What Sales Best Practices Need Documentation?
You will have multiple processes in selling media, whether linear or third-party digital. Some are more about the transaction aspect. For example, with TV, sellers need to know about real-time avails and rates before submitting a proposal that could become an order. Those processes need definition to ensure consistency and efficiency. However, you’re often limited by the technology you use and its capabilities to deliver this data.
Beyond the workflows of selling, there are many more elements to document and define. Those would include:
- Prospecting strategies that are general or industry specific
- Valid business reason (VBR) tips
- Consistency in how you explain ad tactics, which is especially beneficial for digital
- How you’ll approach reviewing campaign performance with advertisers
- How to create the right mix of ad options to achieve specific advertiser goals
- Specific insights about your market that sellers can use in prospecting and pitching
- Sales plays for any aspect of the process, from getting an appointment to overcoming common objections
Many of these components fall into intelligence that your sellers have in their heads. You may talk about this in your sales meetings or one-on-one conversations. However, most of this institutional knowledge leaves if a seller does. If you can work toward a strategy to document it, your sellers could improve performance.
Well-Defined Sales Best Practices Offer Many Benefits
Well-defined and documented sales best practices provide many benefits for your team. They create a framework for sellers to take what the station knows works and combine that with their own style. This consistency helps your organization build trust and credibility. At the individual level, sellers who leverage best practices demonstrate their value as a local media resource, not simply a salesperson.
As a result, win rates and the size of deals could increase. For example, when sellers use a documented process for developing ad mixes to achieve a client goal, they propose an integrated campaign of linear and digital and can address the budget proportions. Some sellers hesitate to recommend budgets because they don’t want to scare an advertiser. The reality is that most businesses will increase their spending when they know it can tie to results.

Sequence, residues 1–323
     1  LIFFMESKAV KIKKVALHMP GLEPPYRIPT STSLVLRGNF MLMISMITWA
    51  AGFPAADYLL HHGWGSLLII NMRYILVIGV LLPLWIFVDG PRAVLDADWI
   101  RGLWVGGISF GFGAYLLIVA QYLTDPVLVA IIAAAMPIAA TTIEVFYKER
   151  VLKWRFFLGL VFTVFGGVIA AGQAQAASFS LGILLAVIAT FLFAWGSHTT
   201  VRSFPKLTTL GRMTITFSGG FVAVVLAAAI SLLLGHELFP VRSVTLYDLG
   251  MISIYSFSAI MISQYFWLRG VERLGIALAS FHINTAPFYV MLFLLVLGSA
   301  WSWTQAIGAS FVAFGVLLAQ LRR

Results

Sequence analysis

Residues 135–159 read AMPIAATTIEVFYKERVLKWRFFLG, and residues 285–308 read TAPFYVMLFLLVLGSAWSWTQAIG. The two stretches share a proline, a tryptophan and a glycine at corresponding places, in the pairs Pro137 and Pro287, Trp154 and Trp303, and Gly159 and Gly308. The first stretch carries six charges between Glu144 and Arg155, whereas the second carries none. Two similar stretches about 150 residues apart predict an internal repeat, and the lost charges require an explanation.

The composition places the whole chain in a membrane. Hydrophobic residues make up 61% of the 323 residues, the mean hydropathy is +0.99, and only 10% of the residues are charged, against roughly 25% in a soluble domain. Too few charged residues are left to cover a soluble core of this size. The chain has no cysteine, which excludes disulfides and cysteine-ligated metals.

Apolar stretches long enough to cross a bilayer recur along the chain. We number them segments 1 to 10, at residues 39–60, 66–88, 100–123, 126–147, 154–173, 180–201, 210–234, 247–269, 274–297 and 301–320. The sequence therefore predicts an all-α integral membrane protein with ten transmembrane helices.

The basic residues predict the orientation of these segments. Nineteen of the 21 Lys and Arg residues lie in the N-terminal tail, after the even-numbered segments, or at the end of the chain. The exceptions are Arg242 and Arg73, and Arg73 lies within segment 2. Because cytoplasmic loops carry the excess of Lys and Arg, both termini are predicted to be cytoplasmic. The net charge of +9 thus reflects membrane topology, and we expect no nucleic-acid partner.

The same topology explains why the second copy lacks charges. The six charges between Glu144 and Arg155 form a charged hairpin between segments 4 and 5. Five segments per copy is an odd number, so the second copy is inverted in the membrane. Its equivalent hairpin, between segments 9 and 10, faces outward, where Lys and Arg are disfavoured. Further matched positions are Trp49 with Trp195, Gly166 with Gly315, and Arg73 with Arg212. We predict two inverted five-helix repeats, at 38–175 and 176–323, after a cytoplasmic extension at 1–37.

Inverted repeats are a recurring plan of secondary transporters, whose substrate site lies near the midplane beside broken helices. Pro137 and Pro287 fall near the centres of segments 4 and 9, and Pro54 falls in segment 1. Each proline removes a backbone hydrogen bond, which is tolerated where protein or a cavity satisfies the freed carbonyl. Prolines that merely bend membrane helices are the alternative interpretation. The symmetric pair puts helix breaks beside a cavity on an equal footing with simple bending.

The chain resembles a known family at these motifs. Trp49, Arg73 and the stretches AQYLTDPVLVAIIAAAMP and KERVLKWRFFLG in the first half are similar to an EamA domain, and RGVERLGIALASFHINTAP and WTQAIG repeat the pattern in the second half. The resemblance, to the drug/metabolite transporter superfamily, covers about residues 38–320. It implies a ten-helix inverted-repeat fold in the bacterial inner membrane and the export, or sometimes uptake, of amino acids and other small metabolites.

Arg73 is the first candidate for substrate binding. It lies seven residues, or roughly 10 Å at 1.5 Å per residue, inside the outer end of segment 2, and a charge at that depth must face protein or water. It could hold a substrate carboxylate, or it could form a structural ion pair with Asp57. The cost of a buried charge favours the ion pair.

Another example relates to renewals. Renewals depend on the relationship but also on performance. When sellers follow best practices for delivering campaign results, both with transparent and easy-to-understand reporting plus context and analysis, advertisers will stay loyal.
So, how do you get all this knowledge into a central hub?
Capturing Seller Knowledge
The first step in documenting best practices starts with making it a priority. If you, as their leader, say it’s important, they should recognize that it is. There may be pushback, with complaints about the time it will take. Any great initiative requires an investment, and this is no different. There are ways to simplify it by:
- Making it part of your regular meetings
- Assigning a point person to manage the flow of information
- Ensuring there is accountability if some sellers don’t participate
- Advising that this exercise could boost revenue for the station (You can know if it does by measuring seller performance after you have documentation in their hands.)
Best Practices Plus Training Equals a High-Success Sales Culture
Building this repository, coupled with ongoing training for sellers, cultivates a sales culture that’s positive, supportive and enabling. As a result, your retention rates may increase, which is more good news for the organization and revenue.
Get more insights on fostering the right sales culture by reading our e-book, Building a High-Success Sales Culture: What Media Sales Leaders Need to Empower and Support Teams.